I grew up in Cranbuy, NJ next door to the owners of the mill at Grover's Mill - William T. Denison Sr. and Anna Densison. Mr. Denison died before I was born. Every October while I helped Anna Denison with chores at her house she would tell me of the War of the Worlds radio program and how it came to be. The producers called Mr. Denison to ask permission to use the location of Grover's Mill for the program. Mr.s Denison didn't mind - he owned the mill but not the little hamlet of Grover's Mill. The producer asked the Denisons not to tell anyone about the program. They didn't even tell their family. That night they sat at home listening to the program having some good laughs not knowing what was going on outside. The next morning Mr. Denison and his son Bill Jr. went to open the mill as they did every day but Sunday. When they got there the place was crowded by police, reportes and lookers. Mr. Denison asked what was up. He was told of the Martian attack and that was when Mr. Denison told them about the radio program. Apparently one newspaper reoprter made a fake spaceship and stuck it into the filed across from the mill. Mr. Densison was told of some man shooting at Martians he tought he saw climbling the mill's wood water tower putting holes into it. We have in our achives at the Cranbury history center a newspaper article with Mr. Denison and all at the mill that morning. Plus an oral history of his son Bill. I don't know of any water tower remnant in our museum - only of a metal water tower finial from the obsolete town water tower that was torn down last year. Most of the residents are newer people who like to create these stories. But those of us with early town ancestry know most of the stories are just that - stories. The Denisons are gone now, buried in town.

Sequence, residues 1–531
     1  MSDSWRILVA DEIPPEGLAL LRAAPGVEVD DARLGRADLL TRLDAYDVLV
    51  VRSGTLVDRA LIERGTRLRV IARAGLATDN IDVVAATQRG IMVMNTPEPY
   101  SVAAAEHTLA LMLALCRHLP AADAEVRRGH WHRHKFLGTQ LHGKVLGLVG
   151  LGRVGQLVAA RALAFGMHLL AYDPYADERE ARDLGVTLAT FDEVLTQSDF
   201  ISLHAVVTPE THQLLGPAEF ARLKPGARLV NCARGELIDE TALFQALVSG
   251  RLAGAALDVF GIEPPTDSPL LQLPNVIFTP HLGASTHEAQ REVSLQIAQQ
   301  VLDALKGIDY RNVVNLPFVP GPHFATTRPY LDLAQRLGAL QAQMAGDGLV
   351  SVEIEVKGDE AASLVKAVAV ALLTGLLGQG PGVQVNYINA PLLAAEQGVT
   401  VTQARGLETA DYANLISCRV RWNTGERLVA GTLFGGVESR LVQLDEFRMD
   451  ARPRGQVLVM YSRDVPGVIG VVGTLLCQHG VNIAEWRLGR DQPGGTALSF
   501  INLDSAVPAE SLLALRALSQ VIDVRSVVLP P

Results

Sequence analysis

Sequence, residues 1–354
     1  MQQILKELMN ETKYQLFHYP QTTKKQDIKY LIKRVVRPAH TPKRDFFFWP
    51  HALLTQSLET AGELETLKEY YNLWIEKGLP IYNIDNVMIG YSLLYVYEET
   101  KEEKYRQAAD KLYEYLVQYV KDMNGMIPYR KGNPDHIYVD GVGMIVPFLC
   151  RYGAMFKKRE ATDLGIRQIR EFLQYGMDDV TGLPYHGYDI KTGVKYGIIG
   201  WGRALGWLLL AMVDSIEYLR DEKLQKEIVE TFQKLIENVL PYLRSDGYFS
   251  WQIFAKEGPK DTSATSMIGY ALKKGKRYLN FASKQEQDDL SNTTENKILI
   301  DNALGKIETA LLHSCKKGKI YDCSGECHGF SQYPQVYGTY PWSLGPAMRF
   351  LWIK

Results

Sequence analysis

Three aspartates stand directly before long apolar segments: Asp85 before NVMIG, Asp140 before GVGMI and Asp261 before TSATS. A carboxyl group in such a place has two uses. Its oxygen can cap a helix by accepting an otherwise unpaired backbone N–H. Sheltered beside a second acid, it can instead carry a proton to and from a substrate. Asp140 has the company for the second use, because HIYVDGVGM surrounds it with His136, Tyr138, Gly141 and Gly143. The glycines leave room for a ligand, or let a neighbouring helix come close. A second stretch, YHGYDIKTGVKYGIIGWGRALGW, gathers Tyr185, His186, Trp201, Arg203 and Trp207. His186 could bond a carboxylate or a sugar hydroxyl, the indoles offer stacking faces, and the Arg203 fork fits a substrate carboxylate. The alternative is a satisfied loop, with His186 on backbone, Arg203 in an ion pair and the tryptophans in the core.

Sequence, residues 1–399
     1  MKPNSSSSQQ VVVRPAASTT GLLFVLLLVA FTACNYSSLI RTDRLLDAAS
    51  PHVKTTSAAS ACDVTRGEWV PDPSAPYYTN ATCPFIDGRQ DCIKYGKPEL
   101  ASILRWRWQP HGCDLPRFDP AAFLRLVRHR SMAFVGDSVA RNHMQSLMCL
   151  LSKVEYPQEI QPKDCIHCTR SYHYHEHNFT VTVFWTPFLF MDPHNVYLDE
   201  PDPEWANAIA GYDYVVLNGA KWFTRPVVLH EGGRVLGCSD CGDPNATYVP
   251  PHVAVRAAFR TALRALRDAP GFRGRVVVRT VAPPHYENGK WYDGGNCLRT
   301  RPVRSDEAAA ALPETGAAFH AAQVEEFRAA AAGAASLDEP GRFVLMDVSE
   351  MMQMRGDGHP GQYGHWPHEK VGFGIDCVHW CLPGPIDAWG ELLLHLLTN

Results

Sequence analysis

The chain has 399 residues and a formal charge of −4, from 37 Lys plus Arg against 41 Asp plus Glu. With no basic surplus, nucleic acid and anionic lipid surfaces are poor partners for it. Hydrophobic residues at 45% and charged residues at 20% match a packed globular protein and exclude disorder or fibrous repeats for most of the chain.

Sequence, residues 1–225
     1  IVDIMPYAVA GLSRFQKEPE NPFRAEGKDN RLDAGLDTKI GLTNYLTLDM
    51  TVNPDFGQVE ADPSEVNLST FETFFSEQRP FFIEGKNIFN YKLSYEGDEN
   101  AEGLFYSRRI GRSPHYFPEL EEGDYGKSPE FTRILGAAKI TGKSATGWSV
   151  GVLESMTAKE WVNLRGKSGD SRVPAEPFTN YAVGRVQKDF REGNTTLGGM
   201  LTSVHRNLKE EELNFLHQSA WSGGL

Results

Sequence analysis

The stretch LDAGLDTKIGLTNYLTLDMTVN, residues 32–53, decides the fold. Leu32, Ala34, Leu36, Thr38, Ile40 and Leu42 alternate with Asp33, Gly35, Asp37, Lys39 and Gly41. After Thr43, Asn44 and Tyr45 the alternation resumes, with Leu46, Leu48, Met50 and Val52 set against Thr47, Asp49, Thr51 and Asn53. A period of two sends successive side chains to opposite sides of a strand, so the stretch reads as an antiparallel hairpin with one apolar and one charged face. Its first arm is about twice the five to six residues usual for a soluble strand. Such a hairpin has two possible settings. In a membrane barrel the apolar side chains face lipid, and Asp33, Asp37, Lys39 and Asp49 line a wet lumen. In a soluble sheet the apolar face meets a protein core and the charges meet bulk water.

Posted by roi archives  on  Tue Apr 03, 2012  at  01:25 PM
Memories of that infamous "War of the Worlds" night in 1938 from one child's POV --
Posted by Ron  on  Sat Nov 01, 2014  at  12:12 PM